As the ACCC, Australia’s competition watchdog, prepares to outline how large online platforms Facebook and Google may be compelled to compensate struggling news publishers, BBC’s global news chief tells Campaign Asia-Pacific that there is a lot at stake in the complex negotiations.
“For organisations like us, who have operations and revenues and a number of different territories, this is something that we are paying very close attention to," Jim Egan, CEO of BBC Global News, tells Campaign. “Broadly speaking, we welcome more concerted and carefully considered regulation and assessment of the impact that Facebook and Google in particular have had in recent years on the news industry.”
That impact has been a clear shift in advertising spend, away from direct placement with news publishers and toward the large digital platforms, where news stories are scraped and aggregated as in the case of Google News, or shared and posted, as with Facebook, by the publishers themselves or their audiences.
It is this shift that has emboldened some of the news industry’s most vociferous critics of Google and Facebook’s impact, such News Corp Australasia chief Michael Miller and Nine Entertainment chairman Peter Costello, who have suggested the big platforms ought to pay as much as $600 million to $1 billion in compensation to news media players.
Facebook and Google’s advocates, however, argue that their platforms have helped news publishers distribute content far more widely than publishers could on their own, generating traffic back to publisher sites. Some suggest news publishers need to take more responsibility to adapt their businesses in a digitally changed media landscape.
Egan sees both sides.
“I would say that we don't have the same degree of hostility in our view of Facebook and Google as some of our news peers do,” Egan says. “I don't particularly think it's very useful to be indulging too much in a blame game.”
He adds: “It would be unfair and also a bit immature for news organisations simply to say it's the job of Facebook and Google to save us."
News publishers have a degree of responsibility for figuring out and navigating the commercial landscape they operate in, he says. “Nevertheless, I think the attitude of Facebook and Google until quite recently, frankly, has not exhibited sufficient concern about what's happening to the news landscape,” Egan continues. “And its consequences can be seen in the downstream impact on the level of democratic debate and so on.”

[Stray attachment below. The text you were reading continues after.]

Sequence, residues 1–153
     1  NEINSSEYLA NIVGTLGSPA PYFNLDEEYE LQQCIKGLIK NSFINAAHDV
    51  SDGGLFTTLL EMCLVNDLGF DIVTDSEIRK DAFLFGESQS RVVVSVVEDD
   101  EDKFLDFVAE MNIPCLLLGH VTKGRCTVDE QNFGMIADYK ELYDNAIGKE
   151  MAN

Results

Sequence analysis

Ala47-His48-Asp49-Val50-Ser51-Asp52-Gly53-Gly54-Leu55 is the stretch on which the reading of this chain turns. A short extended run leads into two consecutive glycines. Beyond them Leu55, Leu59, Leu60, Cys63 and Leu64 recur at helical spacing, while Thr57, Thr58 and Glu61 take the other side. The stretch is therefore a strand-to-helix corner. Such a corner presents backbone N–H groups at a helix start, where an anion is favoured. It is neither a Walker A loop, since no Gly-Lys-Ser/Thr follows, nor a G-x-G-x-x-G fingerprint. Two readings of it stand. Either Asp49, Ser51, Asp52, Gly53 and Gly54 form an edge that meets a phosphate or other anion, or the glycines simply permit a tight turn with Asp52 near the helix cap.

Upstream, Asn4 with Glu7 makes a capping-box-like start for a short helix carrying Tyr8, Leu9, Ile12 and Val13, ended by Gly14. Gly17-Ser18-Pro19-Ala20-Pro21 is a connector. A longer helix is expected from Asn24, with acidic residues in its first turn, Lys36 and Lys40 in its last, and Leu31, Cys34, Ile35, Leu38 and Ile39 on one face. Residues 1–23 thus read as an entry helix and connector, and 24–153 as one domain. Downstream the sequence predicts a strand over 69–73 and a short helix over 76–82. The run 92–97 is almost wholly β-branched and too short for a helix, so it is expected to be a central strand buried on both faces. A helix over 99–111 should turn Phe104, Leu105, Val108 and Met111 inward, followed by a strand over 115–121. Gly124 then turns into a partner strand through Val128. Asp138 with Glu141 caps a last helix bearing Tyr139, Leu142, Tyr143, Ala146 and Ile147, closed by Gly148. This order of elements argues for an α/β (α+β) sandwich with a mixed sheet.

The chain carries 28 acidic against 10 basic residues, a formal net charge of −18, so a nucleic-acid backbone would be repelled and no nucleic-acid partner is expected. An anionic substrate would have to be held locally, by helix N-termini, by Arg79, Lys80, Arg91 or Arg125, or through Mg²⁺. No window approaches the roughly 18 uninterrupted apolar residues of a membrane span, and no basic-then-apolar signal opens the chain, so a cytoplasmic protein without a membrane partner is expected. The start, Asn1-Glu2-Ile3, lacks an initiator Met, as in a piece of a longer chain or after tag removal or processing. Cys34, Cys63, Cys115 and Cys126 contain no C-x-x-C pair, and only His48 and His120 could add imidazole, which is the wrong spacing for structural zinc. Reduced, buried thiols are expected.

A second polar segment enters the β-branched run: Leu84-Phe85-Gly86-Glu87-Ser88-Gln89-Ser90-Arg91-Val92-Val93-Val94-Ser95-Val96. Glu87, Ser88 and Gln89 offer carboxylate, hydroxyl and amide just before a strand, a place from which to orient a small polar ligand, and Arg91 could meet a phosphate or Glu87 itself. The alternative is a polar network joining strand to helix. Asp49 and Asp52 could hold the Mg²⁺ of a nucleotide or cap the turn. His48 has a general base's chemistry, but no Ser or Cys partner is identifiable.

While acknowledging Google and Facebook have been engaging in “sincere catch up” on improving both news industry economics and levels of democratic debate, Egan says it’s due to these persistent concerns that he expects the BBC to participate in ACCC’s groundbreaking work in some form. He also acknowledges creating a new code of conduct between the tech giants and news publishers will be extremely tricky to do.
“This is a global issue, but one, because the way that regulation works, that has to be dealt with on a country by country basis,” Egan says. “And I think they've got a really, really difficult job there because they're having to break new ground in terms of competition economics and regulation where actually part of the problem here about regulating social media is that is that the old tools, both of content and competition regulation, no longer work in this context.”
While settling on agreeable compensation levels would prove to be difficult enough given the precedent they set, the predicament around enforcing Internet regulation may be just as difficult. In reports this week, the ACCC has suggested a collective news industry boycott of Facebook and Google could be an effective way of forcing the tech platforms to pull out their wallets.
It’s on both these legal and economic levels that Egan says the BBC is “extremely interested” in what’s happening in Australia. “The work that the ACCC are doing that is going to be highly, highly significant, not just in the Australian context, but actually in the global context.”